Manufacturers' surplus stock ot
Parasols purchased at half regular
cost; same manufacturers, quality
and style as our regular stock
goods, These, together with our
own lines, have been merged into
one grand assortment of Parasols.
Attractive styles and great values,
including plain and fancy Coaching
Parasols, Chiffon and Lace Trim
med Parasols, in white, black and
white, and the new colorings: of
fering an unusual opportunity to se
cure the best and newest in the
parasol line at
One-half the
Regular Price
Ladies' Plain and
Trimmed Parasols
At $1.00 Just half price from $2,00
At 1.50 3.00
At 2.00 " " 4.00
At 2.50 " " 5.00
At 3.00 " 6 00
At 3.50 - 7.00
Fancy Parasols
At 25c Just half price from 506
At 50c " " " " $1.00
At $1.00 " 2.00
At $1.50 " " " " 3.0a
Lackawanna Ave
Schedule in Effect June 2, 1001.
Trains leave Scranton;
G.45 n. m., tveek days, through ves
tibule train from Wllkes-Barre.
Pullman buffet parlor car and
coaches to Philadelphia, via
Pottsyille; stops nt principal in
termediate stations. Also con
nects for Sunbury, Harrisburg,
Philadelphia, Baltimore, Wash
ington and for Pittsburg and tho
0.38 a. m., week days, for Sunbury,
Harrisburg, Philadelphia, Balti
more, Washington and Pittsburg
and the West.
2.18 p. m., week days, (Sundays,
1.58 p. m.), for Sunbmy, Harris
burg, Philadelphia, Baltimore,
Washington nnd Pittsburg and,
the West.
3.33 p. m., week days, through ves
tibule tram trom wiiKes-unrre.
Pullman buffet parlor car and
coaches to Philadelphia viaPotts
ville. Stops at principal inter
mediate stations.
4.27 p. m., week days, for Hazleton,
Sunbmy, Harrisburg, Philadel
phia and Pittsburg.
J. I). HI TntlNSO.V, Oen. M?r.
J. It. 001), Cen. Pas. A?t.
Delaware, Lackawanna nnd Western
In KfieU duly 81 '"01.
Smith Leave Siranton for N'cvv York at 140,
3.1)0, 0.5.1, 7.50 anel 10(H) a. m i 12 I'l. 1 .U, 5 .10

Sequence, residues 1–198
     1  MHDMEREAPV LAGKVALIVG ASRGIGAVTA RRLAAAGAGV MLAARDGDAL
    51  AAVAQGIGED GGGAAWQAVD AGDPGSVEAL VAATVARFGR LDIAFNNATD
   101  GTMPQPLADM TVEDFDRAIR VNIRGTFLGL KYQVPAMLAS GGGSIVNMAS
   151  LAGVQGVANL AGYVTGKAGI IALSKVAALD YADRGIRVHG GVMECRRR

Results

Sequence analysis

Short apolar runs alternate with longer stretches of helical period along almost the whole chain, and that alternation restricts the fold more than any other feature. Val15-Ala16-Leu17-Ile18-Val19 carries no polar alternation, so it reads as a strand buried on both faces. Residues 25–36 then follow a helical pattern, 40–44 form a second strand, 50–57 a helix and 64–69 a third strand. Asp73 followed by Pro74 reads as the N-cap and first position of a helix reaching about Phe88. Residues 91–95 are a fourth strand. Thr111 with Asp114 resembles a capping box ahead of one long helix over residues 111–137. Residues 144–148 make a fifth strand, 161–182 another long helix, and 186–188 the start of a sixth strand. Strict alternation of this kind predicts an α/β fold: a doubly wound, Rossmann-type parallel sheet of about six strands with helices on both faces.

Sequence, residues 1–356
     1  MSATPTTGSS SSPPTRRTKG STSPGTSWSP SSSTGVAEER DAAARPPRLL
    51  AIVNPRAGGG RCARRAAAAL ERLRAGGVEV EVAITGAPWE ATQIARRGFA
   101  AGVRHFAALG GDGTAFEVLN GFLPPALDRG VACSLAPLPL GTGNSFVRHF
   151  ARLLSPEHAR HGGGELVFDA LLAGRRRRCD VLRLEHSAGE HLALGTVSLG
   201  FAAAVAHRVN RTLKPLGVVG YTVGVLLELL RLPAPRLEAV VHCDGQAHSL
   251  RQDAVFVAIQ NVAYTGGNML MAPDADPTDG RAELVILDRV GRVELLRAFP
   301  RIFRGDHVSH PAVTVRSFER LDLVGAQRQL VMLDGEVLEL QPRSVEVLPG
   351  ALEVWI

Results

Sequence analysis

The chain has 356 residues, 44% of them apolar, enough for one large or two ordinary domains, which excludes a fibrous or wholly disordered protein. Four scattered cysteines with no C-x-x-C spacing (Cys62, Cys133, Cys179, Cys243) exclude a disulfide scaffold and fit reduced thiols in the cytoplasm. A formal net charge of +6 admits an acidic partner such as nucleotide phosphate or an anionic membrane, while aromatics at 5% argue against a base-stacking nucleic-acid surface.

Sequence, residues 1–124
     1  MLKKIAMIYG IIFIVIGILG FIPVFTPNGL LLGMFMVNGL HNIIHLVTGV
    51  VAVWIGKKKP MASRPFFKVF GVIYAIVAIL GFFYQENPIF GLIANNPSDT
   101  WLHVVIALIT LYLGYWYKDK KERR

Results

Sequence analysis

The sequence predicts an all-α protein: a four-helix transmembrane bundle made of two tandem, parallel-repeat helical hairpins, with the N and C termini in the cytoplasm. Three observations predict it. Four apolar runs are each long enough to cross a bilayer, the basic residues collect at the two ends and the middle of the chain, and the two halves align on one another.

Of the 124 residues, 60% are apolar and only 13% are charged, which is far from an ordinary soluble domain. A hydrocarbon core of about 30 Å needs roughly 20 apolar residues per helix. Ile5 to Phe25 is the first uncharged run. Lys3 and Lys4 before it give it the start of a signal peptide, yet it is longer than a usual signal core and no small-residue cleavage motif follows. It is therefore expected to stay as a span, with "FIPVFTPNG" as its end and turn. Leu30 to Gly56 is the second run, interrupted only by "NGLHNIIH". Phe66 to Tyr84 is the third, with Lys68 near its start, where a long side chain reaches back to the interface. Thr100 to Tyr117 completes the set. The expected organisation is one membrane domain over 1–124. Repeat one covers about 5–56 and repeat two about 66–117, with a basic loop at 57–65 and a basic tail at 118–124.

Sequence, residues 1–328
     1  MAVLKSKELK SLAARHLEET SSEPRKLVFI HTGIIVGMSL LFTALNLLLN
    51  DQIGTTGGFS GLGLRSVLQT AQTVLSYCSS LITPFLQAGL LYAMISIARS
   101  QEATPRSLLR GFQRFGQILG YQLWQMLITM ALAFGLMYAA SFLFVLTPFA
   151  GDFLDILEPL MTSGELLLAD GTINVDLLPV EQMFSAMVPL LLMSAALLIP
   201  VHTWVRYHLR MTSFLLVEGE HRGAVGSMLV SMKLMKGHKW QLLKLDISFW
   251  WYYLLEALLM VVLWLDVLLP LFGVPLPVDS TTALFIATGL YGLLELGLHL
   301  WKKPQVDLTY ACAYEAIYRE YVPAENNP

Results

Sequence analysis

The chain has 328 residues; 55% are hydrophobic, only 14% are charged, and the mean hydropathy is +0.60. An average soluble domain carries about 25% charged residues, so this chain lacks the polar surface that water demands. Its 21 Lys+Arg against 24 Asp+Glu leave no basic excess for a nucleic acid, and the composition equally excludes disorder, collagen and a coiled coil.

p in. 1'or l'htladelphii at 7 n and 10 OS a ni ;
12.fl ind 3 . p. in Kor ToMhinni it h 10 p.
in. Milk auoinmoditioii ' " P ', Arrim
in Ilolioten at !...), 7.1-, 10 J, 12 OS, .115, 1 il,
7.10 p. in. rnve in l'hiladelphlt at II.. 1.21.
iiim anel ! ii p in Aime frnni ew liflrk at
1 1". (.'12 anel lit 2 1 a in : 1 oo. 152, Hi, oua
ami 11 .10 P m. Irom Tolivinnna it 8 05 a in
North Leave Mranin l"r Hiilfaio and Inter
mediate htatie.ns il It's dli and DIM a ni ;
1 55, 5 1! and II 3"' P m. I'or O.vvecn and bri.
cu-e at 1 15 I in . - a in and 1 Vi p. m, For
I tici at 1 l'e, 1 ' I m "i'l 1 "' P "I 1'
Moiiiroe it 0 00 a. m . 1 0-i and S 11 p in l'or
Mehol.on it 4 00 and H II p in Kor ninghim
Ion at 10 211 i ni. Arrive in Siranion from Ilul
filo at 1 23, 2 ''. 1 anil 10 00 a m ! 1 0 an'l
w fHi p ni. Kioni llswcfo ami Svraeusc at 2 5S a.
in , 12.12 and S"0 p. in. Imni I'tlca at 2 5i a
in.; 12.12 and ' -0 p. in. From Nicholson at 7 45
a in. and fl ml p in. 1 mm Montrose at 10.00 a.
ni . .1 20 ami oo p in
Hlnom-hiiic Division leive Scianton (or
Noitliuinherlind .n ft W tool i ni., 1 AS ami
R in p. in. For I'liiiiniith at R 10 a m , 3 10,
SM p in nlve at Noilhtnntperland at 0 .il i.
in , 1 10, r on and S l'e p m rrive at Pljmouth
at oni a. in ; I U. '' l" ni. Anivp in biran
ton trmn Nnrthiiiiil'irlaiid at 0 12 a m . 12 M,
4 50 and S. P. in. I mm hlnuston at 11 (VI a.
in. From ri'iuniitli at 7 !" a. in.; J 20 and 5.i3
p. m.
-.mitli leive Sianlon al 1 10, 3 00, 3 33, 10.05
a in i .t It and 3 10 p in.
North I.oivc "I union at 1 13, C .!, n no a m ;
1 13, 5 4i and 11 '3 p in
lllnoinshurK Division Irfave Srant.n it 10.03
a. m. ami H 10 p. m
New York, Ontario and Western.
Time Tabic in l'drit humliy. June 23, KOI.
Leavu Leave! Ariive,
Trains. f-uanlon. Oailandale. Cadosn,
' l,l(i.i.i in. 11 10 a m. inon. J,,
TC,,; .1 ... tll I' III. 4 41 P. Hi. 6.00 p ,
is., 7 ... 0.10 i in sr. I nhondjlc. e.ia n m
t,' ' ' SsOUillliOfNa ' m"
Leave leavo rris,e
Cadj.ia. ( iil.oii.UIc. S. union.
v n ' '"' ln- 7 40 a m
nS": ew.m- w," , wwJ S:
i. , .. a.ii p. i (,J ' "i i is ti in
" " bUNUA "M-V. .NOUni.IltlLM) ' '"
Leave Leave Arr8
KHnton. Cailuindile. ( adoju.
v. n ..S.a in. I) 10 a. m. 10 13 a m
l' 5 .. 7.00 . m. Al aiLon-lalc. 7.43 p, n
J0' "' ' MIL III IiDI Nil. ''
1 c ivu 1 eavo
L'adoa. ('.ill" iielalc.
Arri o
No (1 ... i so i, ni
So' 10 .. s-op ' 0,x! '' '" , H-5 P. mi
'Mains N.. 1. si ",fl 'lOf. ami p. on him.
d.n. makt main line lonnntloiu tor Ntvc ,,,
li), Ltiia. oiifida, H.iM'Ku and iiitcimediaiu
liofnta , . , ... ,.
Tiains No .1 and 4 in ike Walton, Ilclht, Um.
ilcn and Mdnrv lonneition.
Ftr liirther liiloiiiiitlnii (oniult tliket atints.
J, I' ANIiKltMI.N. (I. , x,ew ,w;
J. E. WLLbll. T. 1'. A., buanton.
F "O a in.